coaching philosophy

Coaching: Identify, develop, and perfect an individual's raw talents through proper instruction. Mold a group of individuals to play as a team.

Respect: Be a purist of the game! Have a reverence for the game and make sure the Game itself remains larger than your ego's. Respect the fact that we represent the Town we come from and often people's opinions of Chester will be formed on how you and your team represent themselves. Respect the umpire's authority. Always confront the umpires in a private manor, never questioning him/ her in front of the players, showing a complete disrespect for their authority.

Learn: Have a passion to be the best coach you can be. Never stop trying to learn, read everything you can to always pick up new tricks and drills. Watch other coaches who seem to really have it together.

Prepare: Have a Plan! Know what you want to teach and have a drill ready to reinforce it. Plan things for your assistants to do, and let them do it. Don't waste valuable time on the field thinking about what to do next.

KISS: Keep it simple stupid; don't confuse the players with complex, difficult drills and plays. The easier the execution, the better they execute.

Aggressive: Coach aggressiveness; encourage kids to go to bat looking to hit. Attack ground balls and continue moving through their throws, outfielders should attack fly balls knowing their back up will be in position. Run the bases aggressively forcing the other team to make good plays.

Be Firm: Set down practice and game rules and be consistent in enforcing them. When you are speaking or teaching, insist that they are watching and listening. We are not here to baby sit; we are here to coach ball.

Be Fair: Treat every kid the same, each kid may need to be handled or taught differently, but don't play favorites. Be very careful not to be too demanding or hard on your own child.

Give every player a chance to prove themselves; don't write them off to quickly. Be Positive: Be confidence builders, be quick to compliment and encourage, slow to condemn and criticize. Correct mistakes, but don't harp on them, bad habits are slow to break. Always expect mistakes on plays so you are prepared to coach the next play, this way you don't loose it on mistakes and kids learn to put them behind them and move on to the next play rather then panic.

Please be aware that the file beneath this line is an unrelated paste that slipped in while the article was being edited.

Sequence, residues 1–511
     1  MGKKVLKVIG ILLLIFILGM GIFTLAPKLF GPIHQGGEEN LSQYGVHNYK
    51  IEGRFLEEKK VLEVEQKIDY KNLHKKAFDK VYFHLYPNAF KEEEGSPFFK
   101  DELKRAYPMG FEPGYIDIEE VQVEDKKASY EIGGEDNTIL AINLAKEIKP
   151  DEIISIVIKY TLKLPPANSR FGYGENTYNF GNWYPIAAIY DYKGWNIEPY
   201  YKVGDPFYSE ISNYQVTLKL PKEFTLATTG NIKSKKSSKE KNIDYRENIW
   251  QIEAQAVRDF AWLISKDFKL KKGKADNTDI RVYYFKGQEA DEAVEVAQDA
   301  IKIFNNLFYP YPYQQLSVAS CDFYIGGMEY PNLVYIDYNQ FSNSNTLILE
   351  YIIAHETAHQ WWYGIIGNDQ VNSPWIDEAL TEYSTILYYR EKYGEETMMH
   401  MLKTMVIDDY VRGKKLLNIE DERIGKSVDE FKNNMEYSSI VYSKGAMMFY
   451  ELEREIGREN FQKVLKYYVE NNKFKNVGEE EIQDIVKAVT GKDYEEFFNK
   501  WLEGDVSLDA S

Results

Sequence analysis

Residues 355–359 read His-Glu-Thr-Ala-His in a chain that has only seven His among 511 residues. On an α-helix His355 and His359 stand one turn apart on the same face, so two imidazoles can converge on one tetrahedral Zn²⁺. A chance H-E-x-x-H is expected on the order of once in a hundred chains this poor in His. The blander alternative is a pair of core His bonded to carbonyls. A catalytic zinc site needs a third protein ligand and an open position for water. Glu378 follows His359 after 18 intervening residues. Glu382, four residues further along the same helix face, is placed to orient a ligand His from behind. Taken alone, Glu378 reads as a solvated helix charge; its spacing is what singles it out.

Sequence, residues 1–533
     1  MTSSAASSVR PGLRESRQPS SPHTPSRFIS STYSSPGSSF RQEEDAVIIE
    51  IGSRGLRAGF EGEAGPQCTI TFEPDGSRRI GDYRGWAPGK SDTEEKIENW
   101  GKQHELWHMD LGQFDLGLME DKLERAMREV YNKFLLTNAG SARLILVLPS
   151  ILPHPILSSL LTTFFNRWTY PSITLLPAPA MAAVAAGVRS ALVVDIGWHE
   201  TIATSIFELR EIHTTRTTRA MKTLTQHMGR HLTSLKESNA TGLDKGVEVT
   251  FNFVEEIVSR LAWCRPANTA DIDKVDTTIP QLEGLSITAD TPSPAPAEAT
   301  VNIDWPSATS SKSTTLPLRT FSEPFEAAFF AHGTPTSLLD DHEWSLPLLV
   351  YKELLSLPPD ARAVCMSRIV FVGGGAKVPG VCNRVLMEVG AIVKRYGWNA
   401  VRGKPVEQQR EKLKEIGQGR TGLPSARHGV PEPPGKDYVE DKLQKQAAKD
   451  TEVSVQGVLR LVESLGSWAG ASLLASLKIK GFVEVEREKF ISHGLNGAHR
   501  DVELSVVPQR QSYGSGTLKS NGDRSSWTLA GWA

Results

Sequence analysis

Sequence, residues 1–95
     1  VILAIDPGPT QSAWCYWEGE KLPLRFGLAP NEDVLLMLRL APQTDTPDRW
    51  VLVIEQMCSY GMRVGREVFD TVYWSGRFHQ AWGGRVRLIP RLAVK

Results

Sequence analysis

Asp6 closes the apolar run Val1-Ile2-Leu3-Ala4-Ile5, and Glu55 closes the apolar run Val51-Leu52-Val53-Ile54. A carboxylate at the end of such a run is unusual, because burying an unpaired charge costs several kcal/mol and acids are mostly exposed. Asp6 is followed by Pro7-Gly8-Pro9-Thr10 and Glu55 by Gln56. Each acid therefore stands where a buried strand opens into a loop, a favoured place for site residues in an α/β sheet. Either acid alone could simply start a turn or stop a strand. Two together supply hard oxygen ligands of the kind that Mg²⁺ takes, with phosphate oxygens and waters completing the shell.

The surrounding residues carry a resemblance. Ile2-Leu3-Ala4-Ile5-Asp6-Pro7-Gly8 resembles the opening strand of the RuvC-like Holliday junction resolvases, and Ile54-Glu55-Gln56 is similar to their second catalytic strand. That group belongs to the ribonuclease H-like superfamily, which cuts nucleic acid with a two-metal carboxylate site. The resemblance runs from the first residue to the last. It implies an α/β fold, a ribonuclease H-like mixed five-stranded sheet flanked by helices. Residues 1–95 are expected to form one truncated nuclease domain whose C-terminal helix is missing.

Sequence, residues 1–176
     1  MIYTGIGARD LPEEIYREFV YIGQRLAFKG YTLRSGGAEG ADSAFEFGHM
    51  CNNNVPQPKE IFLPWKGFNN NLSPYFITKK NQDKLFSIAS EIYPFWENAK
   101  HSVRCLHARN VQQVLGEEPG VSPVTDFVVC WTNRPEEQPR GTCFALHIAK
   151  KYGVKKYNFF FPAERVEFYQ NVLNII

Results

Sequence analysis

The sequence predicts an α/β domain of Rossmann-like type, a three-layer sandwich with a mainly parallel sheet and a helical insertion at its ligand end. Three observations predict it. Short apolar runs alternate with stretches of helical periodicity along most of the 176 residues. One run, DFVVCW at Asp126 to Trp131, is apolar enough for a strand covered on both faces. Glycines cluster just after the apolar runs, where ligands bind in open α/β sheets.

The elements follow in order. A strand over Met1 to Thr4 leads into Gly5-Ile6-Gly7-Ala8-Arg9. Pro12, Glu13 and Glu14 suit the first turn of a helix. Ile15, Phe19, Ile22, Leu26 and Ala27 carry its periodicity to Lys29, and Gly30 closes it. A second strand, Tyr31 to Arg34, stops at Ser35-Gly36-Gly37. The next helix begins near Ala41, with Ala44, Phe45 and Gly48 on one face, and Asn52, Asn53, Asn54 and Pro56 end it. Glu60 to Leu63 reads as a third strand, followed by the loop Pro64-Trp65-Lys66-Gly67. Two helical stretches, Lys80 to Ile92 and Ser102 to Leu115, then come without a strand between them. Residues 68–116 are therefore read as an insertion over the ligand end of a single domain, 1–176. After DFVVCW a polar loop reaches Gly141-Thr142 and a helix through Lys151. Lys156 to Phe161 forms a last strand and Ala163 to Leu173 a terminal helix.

Communicate: Be very clear and precise in what you want and expect from your team. Let them know exactly what to expect from you and be consistent. Every thing you teach, explain it, demonstrate it, practice it, and most importantly: REINFORCE it.

Pace: Make your drills move quickly, don't let kids stand around too much. Use small groups on drills to allow kids to get more rep's quickly. Most kids this age need to get as many touches of the ball as possible to improve fundamentals, kids have more fun and pay better attention to quick drills.

Address Weaknesses: Know your kids; know their strengths and weaknesses. Be flexible enough to design your teaching, drills, and time to allow for improving weaknesses.

Progression: Teach basic fundamentals, emphasize good throwing skills. Build slowly and add more skills only after they show a good understanding of the basics. Games are won and loss on good fundamentals, more games are lost on bad throws than any other aspect of the game.

Patience: Correct physical and mental errors when they occur, correct in a patient, step by step manner. If you are not getting your point across, let someone else try, don't let your pride get in the way.

It's a Game: Keep the fact that this is just a game in mind. Keep constant improvement the main goal of each game. A win is nice, but real improvement is great.

Time Allotment: Get constant feedback from your coaches or helpers, on whether you are allowing enough time for them to accomplish practice plan tasks. If more time is needed, make sure to plan it in future practice plans.

Lets Teach, be firm, encourage, work on making practice and drills fun. Let us inspire improvement! Provide a learning environment! Develop a TEAM attitude.